Tyler C W, Kontsevich L L, 2003, "Evolving facial expressions by reverse correlation with 2-D noise" Perception 32 ECVP Abstract Supplement
Evolving facial expressions by reverse correlation with 2-D noise
C W Tyler, L L Kontsevich
To study the ability of humans to read subtle changes in facial expression, we describe a novel application of the spatial reverse-correlation technique, consisting of adding samples of spatial noise to the image and categorising the results according to their effect on human perception of emotion. This added-noise method differs from the 'bubbles' technique of Gosselin and Schyns (2001 Vision Research 41 2261 - 2271) in permitting an evolutionary development to novel forms. An ambiguous facial expression (Leonardo's Mona Lisa) was taken as a base image, and different 50%-contrast binary noise samples were added on each trial. Twelve naïve observers judged the facial expression on each of one hundred trials and responded on a four-category scale from "very sad" to "very happy". The noise samples were then summed according to the response category, the sum added to the face, and the process iterated. Thus, the expression could be rapidly evolved to conform to the observer's implicit expression template. The expression seemed meaningful to the observers for each added-noise sample. The selected noise instances converged rapidly to a stable change of expression, making iterative noise cumulation an efficient method of evolving changes to explore the observers' expression space (given the very low likelihood of jumping to the final expression in one step). Selection of subregions of the cumulated noise revealed that the smile was carried entirely by the shape of the mouth region; the perception of smiling in the eyes was solely attributable to a configurational effect projecting from the mouth region. We conclude that behavioural reverse correlation with 2-D binary noise is an efficient means of exploring a complex pattern space such as that of facial expressions, and even of 'painting' novel visual imagery.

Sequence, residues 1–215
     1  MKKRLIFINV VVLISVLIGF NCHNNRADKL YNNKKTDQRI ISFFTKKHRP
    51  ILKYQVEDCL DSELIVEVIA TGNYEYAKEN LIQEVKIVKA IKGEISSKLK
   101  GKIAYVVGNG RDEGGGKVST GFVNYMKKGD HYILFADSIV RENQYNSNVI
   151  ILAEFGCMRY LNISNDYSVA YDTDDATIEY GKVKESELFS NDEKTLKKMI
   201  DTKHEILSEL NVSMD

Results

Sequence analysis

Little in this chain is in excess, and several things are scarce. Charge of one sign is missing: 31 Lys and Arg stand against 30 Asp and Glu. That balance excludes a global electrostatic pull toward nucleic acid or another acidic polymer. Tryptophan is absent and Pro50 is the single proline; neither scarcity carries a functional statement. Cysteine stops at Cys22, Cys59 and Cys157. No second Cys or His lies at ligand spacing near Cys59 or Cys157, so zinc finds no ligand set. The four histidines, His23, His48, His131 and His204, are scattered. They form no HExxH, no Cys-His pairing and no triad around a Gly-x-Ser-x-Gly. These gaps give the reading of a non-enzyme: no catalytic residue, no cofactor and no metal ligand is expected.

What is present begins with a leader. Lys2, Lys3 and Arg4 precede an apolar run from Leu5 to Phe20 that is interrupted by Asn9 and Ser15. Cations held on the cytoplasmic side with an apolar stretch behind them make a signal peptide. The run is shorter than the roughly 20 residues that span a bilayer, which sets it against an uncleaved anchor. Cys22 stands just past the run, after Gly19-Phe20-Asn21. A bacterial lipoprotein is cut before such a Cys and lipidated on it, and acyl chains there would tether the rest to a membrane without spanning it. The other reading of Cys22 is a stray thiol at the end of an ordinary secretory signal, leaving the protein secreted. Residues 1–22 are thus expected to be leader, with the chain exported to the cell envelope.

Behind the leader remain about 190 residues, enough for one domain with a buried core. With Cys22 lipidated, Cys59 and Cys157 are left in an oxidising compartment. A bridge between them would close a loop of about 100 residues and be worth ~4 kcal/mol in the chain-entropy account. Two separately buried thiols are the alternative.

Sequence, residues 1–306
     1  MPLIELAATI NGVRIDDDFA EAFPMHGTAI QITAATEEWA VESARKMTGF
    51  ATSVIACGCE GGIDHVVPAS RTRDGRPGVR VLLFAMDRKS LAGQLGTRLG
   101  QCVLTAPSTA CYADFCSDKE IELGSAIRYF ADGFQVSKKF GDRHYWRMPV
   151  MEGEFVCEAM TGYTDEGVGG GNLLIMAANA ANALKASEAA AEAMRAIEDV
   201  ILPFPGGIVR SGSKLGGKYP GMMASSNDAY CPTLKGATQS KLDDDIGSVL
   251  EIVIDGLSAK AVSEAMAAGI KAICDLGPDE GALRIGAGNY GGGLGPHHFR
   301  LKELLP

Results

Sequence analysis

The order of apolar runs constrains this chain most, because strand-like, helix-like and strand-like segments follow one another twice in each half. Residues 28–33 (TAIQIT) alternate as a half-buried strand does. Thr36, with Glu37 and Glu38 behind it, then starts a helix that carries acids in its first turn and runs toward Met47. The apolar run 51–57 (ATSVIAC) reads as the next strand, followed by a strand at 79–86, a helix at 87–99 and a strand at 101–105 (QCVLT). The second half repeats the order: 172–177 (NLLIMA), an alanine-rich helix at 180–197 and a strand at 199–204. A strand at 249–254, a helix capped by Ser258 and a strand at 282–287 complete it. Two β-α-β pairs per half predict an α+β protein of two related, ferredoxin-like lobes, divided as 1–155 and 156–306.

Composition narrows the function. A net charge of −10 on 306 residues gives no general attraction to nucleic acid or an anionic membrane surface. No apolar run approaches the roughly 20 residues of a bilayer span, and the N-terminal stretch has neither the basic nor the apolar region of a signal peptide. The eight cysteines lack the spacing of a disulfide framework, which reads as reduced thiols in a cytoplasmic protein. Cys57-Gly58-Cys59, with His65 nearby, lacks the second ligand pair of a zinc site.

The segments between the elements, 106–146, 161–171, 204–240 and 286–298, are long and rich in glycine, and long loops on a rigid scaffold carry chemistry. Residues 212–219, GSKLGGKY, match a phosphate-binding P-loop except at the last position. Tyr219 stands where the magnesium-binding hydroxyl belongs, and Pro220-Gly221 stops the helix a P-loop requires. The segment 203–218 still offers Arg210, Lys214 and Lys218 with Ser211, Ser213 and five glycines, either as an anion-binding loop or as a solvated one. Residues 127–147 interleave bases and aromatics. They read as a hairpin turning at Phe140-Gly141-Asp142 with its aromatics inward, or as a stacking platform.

[Supported by NEI 13025.]
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